Assuming the weather between departure and destination is less dramatic (usually the case), your biggest challenge in winter may come when it’s time to put the airplane back on the ground. The temperature at typical cruising altitudes may be well below -10 degrees C, so you’re liable to increase your risk of icing as you descend into warmer air below. If you fly a fairly fast airplane, aerodynamic heating at high cruise speeds may help offset some airframe icing. Slow the airplane to approach speed, and you’ll lose that heating effect. Be especially wary if you’re assigned an altitude in the middle of the ice or a holding pattern that flies you through an area of icing. Don’t be shy about telling the controller you prefer ice in your Gatorade rather than on your airplane.
Letdowns through a layer of ice can present problems, too. In those instances when I have considerable altitude to lose and must descend through a possibly ice-laden overcast, I’ll often stay higher longer, then drop through at a relatively high descent rate. To avoid shock-cooling the engine, I leave power at a tolerable level, but configure the airplane for the approach early. That way, I can penetrate the ice at maximum vertical velocity (1,000 fpm or more), but minimize forward speed to reduce ice buildup. I like to arrest that high descent rate well above my target altitude, but I always keep in mind that, at this stage of the flight, any ice I accumulate probably will stay with me through the landing.
Speaking of landings, you may need to be more attentive during winter than in summer. Winds sometimes are stronger, snow and ice on the runway can be significant considerations, and falling snow during the approach can render landing lights worse than useless. Stay off the brakes after touchdown if there’s any question of ice, and beware of “black ice,” a phenomenon of icing on asphalt that may be nearly invisible. If you must use the brakes because of a short runway, do so very warily, applying them gently and evenly to avoid asymmetric braking across patches of bare asphalt. To paraphrase one of Mother’s old sayings, Take all the runway you want, but don’t use more than you have.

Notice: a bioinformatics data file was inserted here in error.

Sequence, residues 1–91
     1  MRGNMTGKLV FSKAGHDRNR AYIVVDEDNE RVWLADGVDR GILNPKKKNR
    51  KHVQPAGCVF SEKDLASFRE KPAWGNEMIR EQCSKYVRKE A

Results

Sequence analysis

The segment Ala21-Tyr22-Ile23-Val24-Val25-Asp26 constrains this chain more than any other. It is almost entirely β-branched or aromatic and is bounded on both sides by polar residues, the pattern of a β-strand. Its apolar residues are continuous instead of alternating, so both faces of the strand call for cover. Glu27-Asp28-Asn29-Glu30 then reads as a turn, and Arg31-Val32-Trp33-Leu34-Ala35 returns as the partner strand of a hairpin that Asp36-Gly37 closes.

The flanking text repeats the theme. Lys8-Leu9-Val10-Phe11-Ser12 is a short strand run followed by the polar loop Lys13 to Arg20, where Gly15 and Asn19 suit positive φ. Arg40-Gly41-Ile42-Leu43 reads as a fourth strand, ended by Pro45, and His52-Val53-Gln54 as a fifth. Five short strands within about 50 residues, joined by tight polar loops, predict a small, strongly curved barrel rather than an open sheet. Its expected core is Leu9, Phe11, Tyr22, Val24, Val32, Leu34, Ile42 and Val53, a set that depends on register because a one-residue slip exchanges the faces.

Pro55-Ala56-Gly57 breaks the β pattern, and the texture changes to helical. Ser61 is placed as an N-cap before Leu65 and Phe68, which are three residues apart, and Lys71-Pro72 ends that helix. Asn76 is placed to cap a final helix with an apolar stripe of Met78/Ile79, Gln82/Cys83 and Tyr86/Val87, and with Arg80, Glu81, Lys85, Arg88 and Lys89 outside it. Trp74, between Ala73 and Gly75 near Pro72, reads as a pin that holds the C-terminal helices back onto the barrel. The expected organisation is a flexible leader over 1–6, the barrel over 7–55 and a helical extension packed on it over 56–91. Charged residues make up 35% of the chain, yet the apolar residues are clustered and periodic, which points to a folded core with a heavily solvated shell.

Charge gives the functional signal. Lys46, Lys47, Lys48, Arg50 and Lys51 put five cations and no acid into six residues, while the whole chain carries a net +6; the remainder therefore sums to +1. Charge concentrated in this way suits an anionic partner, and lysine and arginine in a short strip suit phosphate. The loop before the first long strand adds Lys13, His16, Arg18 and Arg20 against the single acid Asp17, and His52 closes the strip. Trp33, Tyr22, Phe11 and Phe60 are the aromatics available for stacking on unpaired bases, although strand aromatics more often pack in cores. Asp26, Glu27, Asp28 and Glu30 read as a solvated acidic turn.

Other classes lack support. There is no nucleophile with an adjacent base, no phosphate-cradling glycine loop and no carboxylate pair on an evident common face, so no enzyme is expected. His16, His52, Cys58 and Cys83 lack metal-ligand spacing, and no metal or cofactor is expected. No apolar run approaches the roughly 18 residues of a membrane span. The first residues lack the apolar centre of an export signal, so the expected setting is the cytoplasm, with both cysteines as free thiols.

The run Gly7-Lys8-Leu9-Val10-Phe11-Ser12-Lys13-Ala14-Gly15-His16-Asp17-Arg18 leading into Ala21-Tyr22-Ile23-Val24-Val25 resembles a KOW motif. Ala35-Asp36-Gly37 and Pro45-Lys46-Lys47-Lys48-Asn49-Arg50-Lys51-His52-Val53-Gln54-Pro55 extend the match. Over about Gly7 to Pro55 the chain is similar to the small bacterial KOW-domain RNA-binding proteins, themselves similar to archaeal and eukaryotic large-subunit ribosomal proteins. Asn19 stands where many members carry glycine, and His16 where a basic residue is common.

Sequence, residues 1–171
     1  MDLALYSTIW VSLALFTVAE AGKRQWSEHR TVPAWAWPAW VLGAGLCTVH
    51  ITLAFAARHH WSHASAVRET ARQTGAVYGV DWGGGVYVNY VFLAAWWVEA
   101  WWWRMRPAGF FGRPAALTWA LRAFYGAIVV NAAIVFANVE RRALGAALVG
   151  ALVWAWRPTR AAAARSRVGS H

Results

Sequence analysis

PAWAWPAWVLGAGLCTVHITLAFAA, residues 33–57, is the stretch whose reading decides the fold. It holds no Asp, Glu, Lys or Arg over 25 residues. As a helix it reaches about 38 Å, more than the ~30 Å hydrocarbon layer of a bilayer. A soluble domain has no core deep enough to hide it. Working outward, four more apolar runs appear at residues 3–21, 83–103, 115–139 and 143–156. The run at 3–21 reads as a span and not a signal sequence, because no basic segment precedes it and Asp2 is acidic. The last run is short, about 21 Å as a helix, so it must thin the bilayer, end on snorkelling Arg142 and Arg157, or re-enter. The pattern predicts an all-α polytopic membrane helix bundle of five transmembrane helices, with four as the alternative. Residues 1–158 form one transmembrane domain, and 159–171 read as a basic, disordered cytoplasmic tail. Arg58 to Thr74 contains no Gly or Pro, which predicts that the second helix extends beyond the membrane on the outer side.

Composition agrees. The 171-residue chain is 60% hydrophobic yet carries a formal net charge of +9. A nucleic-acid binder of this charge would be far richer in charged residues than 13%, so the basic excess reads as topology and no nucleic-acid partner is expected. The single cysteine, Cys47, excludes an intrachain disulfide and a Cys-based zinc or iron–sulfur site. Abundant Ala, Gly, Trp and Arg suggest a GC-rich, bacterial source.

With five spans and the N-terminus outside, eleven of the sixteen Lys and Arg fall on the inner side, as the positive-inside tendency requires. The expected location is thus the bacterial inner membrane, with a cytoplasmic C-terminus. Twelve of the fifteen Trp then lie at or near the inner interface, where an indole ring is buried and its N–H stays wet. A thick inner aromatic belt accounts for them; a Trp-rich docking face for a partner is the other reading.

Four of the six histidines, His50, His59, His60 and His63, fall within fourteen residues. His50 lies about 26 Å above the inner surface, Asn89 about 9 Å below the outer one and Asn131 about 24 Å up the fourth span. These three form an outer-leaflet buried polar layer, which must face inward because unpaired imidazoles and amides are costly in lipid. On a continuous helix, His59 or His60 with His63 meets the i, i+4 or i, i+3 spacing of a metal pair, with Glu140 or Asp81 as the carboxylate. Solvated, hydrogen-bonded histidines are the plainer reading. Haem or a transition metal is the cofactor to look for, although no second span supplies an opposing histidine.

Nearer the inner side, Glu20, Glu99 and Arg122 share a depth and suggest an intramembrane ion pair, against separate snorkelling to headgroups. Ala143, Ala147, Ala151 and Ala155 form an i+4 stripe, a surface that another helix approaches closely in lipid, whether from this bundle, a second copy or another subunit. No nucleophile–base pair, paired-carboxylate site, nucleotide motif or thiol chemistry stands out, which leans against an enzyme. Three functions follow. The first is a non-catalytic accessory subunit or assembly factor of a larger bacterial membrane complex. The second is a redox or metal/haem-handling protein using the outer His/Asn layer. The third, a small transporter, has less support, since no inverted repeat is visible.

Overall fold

Just as with landing on a dry runway, do your braking in a straight line. Bring the airplane practically to a full stop pointed straight ahead before even considering a turn off the active. Don’t try to make a high-speed turnoff to accommodate the controller if you sense even a hint of directional problems. An icy runway isn’t the place to practice short-field approaches, but don’t wait too long to apply the binders. Braking action at the opposite end of the runway may be especially poor where aircraft residues such as tire rubber, fuel and hydraulic fluid accumulate.
Finally, rethink your summertime attitude regarding alternates in winter. Weather moves faster in the late months. What was clear and 20 two hours ago at your destination may be down to 200 and a half in another hour when you arrive. It’s a mistake to assume early-morning fog at your destination will dissipate as quickly as it might in summer, too. The sun is farther south, arcs lower on the horizon and has to shine diagonally through more atmosphere, so less heat and light reach the ground to burn off the clouds. Shorter hours of daylight also contribute less heating.
If these warnings lead you to believe winter flying isn’t worth it, you might want to reconsider. Winter can be a spectacular time to fly. True, you need to exercise more cautious weather judgment, and there are some different operational considerations to flying when the thermometer is low, but with a little care, winter can be one of the most rewarding times of year to fly.
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